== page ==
5 things to watch as Cubs convene for camp
CHICAGO -- The Cubs are bracing for a surreal scene on the North Side. Although fans will not be allowed to flock to Wrigley Field, the rooftops around the ballpark may have spectators, and the surrounding neighborhood will be alive with noise when Chicago takes the field.
The COVID-19 crisis has forced baseball into a strange place, but the game can serve as a much-needed distraction should things proceed safely. First-year manager David Ross knows that, and he knows that fans will still find a way to make their presence felt during the abbreviated 60-game season.
"It's mind-boggling, but it's the time we're in," Ross said. "The environment here around Wrigley Field, when the fans are in the stands, is absolutely electric. They'll definitely be missed. But even being around the ballpark a little bit already, people are out walking around, you see the Cubs jerseys, you see the Cubs hat, it's just exciting to be back in Chicago.
"Fans have a way of still communicating without being in the stands. It is going to be unique, and that energy that is brought when you come out of that dugout and the place goes crazy, that will definitely be missed. But we'll make the most of it and find our new way."
As camp arrives, with players reporting by Wednesday and holding their first workout at Wrigley (with Class A South Bend as an alternate training site), here is a refresher on some of the storylines that dominated the initial Spring Training and remain important for the two-month sprint ahead.
1. Ross ushers in a new era
The first impression of Ross in February and March was that of a leader who leaves room for fun but places an emphasis on focus. Spring Training was loose early in the morning, then businesslike once workouts began.
Behind the scenes, Ross preached the importance of working together, finding ways to make sure individual routines did not get in the way of those practices and having the veterans have an impact on the younger players. Now, as players adjust to the many protocols and guidelines required to hold a safe season, Ross said those talking points are even more relevant.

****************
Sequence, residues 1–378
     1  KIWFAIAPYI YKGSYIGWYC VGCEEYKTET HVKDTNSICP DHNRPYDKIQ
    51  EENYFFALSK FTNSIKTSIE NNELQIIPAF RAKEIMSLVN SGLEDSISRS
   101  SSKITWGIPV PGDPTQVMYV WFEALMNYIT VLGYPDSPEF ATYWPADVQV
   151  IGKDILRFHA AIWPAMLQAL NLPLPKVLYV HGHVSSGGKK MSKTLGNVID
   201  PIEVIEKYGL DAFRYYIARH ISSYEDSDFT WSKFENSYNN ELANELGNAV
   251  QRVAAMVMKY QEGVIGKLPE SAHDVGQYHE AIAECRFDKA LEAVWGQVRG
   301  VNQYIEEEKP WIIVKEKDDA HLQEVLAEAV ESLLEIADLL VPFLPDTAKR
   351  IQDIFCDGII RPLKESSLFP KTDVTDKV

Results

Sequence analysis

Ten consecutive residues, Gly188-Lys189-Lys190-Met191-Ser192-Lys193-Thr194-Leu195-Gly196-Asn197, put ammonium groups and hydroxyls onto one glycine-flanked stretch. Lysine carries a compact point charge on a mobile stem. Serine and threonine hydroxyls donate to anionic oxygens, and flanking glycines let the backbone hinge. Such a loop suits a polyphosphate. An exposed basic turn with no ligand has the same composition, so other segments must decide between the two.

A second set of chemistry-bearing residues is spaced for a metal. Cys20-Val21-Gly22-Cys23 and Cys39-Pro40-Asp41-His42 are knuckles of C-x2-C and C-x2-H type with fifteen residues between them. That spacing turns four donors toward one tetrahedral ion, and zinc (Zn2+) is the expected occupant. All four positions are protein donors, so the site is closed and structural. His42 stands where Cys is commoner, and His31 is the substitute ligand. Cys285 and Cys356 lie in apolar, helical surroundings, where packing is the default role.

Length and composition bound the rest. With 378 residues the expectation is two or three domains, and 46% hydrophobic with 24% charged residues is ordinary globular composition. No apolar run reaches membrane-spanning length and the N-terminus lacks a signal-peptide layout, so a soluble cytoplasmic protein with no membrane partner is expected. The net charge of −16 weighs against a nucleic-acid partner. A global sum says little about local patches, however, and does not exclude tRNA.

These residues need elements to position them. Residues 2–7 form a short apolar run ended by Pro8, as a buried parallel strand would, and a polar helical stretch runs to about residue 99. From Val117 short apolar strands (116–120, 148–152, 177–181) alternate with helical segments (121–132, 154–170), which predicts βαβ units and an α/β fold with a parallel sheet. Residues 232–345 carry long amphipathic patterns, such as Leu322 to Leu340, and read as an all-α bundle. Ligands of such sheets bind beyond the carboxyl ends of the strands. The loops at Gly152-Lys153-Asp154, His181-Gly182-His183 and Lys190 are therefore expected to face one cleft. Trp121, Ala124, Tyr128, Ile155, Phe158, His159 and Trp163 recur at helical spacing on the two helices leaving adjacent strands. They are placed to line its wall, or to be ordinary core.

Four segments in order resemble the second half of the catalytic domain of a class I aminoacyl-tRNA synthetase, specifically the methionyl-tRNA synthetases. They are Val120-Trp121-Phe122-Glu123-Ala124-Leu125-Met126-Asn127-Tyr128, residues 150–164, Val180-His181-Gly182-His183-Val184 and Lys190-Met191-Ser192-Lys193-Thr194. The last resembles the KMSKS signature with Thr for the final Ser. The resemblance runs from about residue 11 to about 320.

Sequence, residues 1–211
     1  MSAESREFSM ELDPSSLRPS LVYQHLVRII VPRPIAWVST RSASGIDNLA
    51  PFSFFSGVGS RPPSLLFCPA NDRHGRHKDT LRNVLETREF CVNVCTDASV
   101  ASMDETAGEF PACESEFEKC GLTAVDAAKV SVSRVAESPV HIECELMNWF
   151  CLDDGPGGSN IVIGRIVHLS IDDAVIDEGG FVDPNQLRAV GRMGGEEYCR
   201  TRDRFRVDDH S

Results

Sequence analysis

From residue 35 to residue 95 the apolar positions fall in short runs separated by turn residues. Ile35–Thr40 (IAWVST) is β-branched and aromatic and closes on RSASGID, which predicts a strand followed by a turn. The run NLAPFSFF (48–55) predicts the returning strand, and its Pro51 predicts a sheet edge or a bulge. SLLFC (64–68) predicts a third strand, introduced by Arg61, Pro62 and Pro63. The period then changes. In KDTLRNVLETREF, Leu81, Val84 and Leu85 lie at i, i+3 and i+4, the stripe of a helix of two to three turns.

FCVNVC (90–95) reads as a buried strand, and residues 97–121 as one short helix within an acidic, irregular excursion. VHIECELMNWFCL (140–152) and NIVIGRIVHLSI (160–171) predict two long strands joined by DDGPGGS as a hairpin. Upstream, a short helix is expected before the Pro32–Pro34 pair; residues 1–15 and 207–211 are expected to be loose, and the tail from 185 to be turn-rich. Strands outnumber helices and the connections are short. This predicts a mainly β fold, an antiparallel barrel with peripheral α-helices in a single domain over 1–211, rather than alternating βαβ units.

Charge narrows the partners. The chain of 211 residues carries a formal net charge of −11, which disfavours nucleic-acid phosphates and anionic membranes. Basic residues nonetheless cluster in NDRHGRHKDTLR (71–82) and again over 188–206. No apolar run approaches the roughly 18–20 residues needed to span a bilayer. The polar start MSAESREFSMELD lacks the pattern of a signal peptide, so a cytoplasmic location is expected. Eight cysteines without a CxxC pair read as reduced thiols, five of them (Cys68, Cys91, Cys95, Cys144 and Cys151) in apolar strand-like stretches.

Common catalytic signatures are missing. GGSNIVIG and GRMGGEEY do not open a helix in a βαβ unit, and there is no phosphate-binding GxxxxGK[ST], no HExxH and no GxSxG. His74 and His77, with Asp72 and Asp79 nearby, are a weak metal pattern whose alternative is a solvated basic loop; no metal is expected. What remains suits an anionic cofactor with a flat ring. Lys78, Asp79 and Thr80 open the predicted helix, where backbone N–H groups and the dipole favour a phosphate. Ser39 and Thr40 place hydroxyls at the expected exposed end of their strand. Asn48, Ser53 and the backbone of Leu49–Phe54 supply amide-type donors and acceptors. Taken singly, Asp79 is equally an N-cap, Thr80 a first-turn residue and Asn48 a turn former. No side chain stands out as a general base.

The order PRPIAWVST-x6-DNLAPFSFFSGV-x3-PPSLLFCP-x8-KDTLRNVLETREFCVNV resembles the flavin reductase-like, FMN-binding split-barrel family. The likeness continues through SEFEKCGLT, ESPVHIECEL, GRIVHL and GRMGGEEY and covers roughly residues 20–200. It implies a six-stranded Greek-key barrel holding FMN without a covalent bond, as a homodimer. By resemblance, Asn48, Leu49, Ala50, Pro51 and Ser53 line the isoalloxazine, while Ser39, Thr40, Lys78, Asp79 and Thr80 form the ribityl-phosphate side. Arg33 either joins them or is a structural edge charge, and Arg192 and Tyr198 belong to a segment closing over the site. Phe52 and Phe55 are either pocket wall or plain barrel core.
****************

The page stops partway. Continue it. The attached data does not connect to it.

"Some of the things I talked about [were] respect and trust," he said. "For us to come to work every day, we have to trust that our teammates and the staff and the group that we're around is adhering to the protocols. It's important now more than ever.
"Peoples' families are at risk. So yeah, those things haven't gone away. They've actually been emphasized, and I'm going to reiterate a lot of those messages."
Ross has a revamped coaching staff, including a new bench coach (Andy Green), bullpen coach (Chris Young), first-base and catching coach (Craig Driver) and quality assurance coach (Mike Napoli). Over the past three months, Ross has leaned on his entire staff to handle the bulk of communication and workout mapping with the players.
"I didn't want them to hate the sound of my voice by the time we got to actually playing baseball," Ross quipped.
Ross also used the past three months to work with the analytics department, plus Green, pitching coach Tommy Hottovy and others, to simulate in-game managing. It was a way to work on his craft and learn, even without real games to manage.